Hello, everybody. I am in desperate need of help.
I actually live in Huntington, but this web page would not let me ask the question then due to no agents available to help.
This past summer, I bought my first aloe vera and potted it. It did amazing.. it bloomed twice before bringing in it for the winter.
Well, the mother had 3 aloe pups... and we may have waited too long to propagate it... because the mother aloe was so root bound and the leaves were turning and dying..
They all were repotted.. with succulent soil and gravel, so it was much better than the soil the mother had to begin with, because it was just regular dirt for flowers outside..
Anyways, I brought one of the pups to my apartment in hope to find it better sunlight. The sunlight at my mother's was not adequate. The mother got taken to my boyfriend's, because he has a great window for lots of sun light.. and I thought maybe that would help it.
The pup I have now looks like a full grown plant, and it seemed healthy until a few days after I brought it over. All the leaves are drooped down, bad brown spots on it.. like mushy.. and some leaves are turning brown... most of all the tips are brown and wilted, too. The plant still has a lot of green, but in the center of the plant, it is as if the fat, green leaves are going to fall off any second if breathed on. One of the healthy leaves did fall off.. but around the center of where the main part of the leaves is, at the bottom it seems to be some purple goo that the plant is producing. Is that normal?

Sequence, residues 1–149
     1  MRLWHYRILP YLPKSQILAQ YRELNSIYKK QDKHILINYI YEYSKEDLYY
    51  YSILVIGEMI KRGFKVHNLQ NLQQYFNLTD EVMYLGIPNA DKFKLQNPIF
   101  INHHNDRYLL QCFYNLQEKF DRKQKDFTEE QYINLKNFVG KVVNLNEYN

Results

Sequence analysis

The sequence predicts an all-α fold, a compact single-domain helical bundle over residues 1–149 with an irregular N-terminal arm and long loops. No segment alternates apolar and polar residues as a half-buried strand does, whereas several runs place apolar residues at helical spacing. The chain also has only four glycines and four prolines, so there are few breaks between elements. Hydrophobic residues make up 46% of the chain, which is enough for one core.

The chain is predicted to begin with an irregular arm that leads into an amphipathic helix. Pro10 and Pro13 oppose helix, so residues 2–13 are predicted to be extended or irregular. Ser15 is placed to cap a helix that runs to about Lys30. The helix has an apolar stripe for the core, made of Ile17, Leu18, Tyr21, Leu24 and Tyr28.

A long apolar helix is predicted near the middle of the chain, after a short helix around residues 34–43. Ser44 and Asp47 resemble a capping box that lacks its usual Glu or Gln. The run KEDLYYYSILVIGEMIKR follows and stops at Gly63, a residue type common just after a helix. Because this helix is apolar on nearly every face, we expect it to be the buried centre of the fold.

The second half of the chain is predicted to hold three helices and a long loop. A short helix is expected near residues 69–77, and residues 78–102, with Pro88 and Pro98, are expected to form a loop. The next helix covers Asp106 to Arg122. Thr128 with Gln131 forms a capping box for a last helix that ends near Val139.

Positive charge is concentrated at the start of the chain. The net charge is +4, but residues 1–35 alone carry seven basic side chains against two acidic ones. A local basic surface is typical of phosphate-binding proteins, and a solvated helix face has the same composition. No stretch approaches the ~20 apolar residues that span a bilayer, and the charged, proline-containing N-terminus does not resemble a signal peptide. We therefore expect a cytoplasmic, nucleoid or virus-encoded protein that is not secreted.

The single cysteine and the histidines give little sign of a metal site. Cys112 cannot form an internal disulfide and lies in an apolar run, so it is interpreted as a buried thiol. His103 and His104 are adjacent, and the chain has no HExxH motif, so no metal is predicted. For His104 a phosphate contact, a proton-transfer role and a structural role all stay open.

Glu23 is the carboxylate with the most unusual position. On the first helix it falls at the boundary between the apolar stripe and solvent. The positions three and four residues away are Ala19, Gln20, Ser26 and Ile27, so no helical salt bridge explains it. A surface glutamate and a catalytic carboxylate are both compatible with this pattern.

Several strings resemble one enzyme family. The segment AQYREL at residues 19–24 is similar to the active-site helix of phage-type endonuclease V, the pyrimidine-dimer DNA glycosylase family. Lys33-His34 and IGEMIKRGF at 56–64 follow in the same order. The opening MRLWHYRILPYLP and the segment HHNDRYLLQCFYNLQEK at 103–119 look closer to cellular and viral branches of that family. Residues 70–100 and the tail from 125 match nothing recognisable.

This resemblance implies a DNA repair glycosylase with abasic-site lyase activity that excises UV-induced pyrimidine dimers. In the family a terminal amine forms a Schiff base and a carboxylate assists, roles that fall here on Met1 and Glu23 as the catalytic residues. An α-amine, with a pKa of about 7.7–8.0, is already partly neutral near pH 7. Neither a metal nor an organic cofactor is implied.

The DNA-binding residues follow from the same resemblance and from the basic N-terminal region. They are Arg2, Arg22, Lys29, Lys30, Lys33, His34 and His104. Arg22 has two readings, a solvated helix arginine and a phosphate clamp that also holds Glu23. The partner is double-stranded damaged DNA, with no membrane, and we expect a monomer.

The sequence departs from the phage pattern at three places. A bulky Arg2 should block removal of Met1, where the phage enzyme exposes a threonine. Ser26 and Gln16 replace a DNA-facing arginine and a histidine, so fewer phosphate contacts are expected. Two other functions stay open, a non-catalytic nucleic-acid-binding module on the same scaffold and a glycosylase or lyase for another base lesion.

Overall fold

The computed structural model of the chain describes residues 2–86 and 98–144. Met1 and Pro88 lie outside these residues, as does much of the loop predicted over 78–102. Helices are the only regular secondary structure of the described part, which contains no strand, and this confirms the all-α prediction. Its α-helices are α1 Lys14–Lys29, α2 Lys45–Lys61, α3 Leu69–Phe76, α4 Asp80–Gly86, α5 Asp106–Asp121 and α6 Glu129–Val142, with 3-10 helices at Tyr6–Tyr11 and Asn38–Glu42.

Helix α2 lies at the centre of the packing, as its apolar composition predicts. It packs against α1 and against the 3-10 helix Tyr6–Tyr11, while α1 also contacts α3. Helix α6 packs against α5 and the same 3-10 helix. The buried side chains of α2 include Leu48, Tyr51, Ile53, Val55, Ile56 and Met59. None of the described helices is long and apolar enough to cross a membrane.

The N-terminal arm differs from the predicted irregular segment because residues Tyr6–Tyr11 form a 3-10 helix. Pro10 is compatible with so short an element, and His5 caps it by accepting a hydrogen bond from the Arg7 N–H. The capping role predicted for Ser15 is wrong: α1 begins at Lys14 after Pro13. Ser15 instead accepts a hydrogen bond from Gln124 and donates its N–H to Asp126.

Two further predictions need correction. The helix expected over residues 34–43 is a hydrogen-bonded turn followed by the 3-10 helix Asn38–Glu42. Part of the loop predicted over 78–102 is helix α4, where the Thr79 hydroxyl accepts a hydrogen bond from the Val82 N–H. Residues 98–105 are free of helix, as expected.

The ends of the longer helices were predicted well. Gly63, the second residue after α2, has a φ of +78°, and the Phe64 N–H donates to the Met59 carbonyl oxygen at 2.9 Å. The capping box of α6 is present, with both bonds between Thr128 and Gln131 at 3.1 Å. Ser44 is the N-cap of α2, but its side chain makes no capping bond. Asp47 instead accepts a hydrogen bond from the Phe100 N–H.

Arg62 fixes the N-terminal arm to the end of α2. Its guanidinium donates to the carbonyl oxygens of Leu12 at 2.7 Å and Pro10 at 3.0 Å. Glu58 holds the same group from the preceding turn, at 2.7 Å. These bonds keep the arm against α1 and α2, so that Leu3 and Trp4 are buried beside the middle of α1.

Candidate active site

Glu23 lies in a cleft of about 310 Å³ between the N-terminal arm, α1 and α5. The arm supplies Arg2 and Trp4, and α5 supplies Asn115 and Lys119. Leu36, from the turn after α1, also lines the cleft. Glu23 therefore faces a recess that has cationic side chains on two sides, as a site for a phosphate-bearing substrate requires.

I thought about taking this pup over to my boyfriend's too, to get the sun light that it does not have here yet. I want to try to save it before I lose it...
But other then sunlight, I'm not sure what is wrong. It is not root bound or rotted because it was just replanted. It is not over watered or eveunderwater.
West Virginia aloe vera
Thanks for your questions. There a couple of care facts you don’t mention. How often have you watered or fertilized it? Does the pot it is in have drainage? The major mistake gardeners make in caring for aloe as well as other succulents is to water too much and/or too often. And, if the plant sits in wet soil, it begins to be destroyed by fungi in the soil. That causes root rot, which you coudn’t see unless you removed the roots from the pot. The only symptom above soil level will be browning and softening of the leaves. You might still be able to propagate a healthy leaf into a new plant, and, once it is established, only water as often as indicated in this article: http://gardeningsolutions.ifas.ufl.edu/plants/ornamentals/aloe-vera.html Hope this is helpful. Good luck!
Hello! Thank you for your reply to my question. However, when this aloe was propagated, it had healthy roots on it. It was planted about a month ago and seemed very healthy until bam..
The pot that it is in has a drainage hole. It has not been overwatered, but it is about to get a drink of water soon. The leaves are starting to turn purple, and I have not been able to find a lot of information on exactly what it is doing, though.
Thank you for your additional information. The following article indicates that purple leaves result from drought stress (as in not enough water): http://www.public.asu.edu/~camartin/plants/Plant%20html%20files/aloevera.html
The same source indicates that some varieties also turn purple when the plant is under either drought or cold stress: http://www.public.asu.edu/~camartin/plants/Plant%20html%20files/aloeblueelf.html
I'm afraid this is all I've been able to find to help you save your plant.